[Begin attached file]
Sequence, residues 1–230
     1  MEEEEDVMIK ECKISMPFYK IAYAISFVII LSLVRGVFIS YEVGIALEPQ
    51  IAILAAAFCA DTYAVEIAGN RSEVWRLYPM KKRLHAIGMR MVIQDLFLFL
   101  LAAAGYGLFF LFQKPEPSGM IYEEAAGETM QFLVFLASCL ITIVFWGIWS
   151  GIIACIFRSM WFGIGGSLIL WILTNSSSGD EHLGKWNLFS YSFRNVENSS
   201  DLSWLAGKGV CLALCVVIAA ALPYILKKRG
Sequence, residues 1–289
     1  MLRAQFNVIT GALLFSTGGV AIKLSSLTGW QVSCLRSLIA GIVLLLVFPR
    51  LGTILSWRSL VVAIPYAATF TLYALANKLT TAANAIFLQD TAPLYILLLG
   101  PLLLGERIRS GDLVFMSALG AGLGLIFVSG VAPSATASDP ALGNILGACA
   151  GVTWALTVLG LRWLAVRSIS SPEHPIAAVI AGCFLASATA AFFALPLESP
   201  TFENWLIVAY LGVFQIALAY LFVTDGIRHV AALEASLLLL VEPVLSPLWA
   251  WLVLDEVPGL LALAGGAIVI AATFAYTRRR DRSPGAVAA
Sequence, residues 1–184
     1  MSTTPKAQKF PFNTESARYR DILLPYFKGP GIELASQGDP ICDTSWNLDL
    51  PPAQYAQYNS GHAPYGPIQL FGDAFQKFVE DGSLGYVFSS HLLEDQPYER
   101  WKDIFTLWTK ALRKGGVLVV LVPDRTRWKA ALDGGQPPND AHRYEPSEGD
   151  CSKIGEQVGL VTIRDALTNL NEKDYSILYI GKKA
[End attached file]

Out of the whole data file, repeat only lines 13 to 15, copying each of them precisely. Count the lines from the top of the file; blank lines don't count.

   251  WLVLDEVPGL LALAGGAIVI AATFAYTRRR DRSPGAVAA
Sequence, residues 1–184
     1  MSTTPKAQKF PFNTESARYR DILLPYFKGP GIELASQGDP ICDTSWNLDL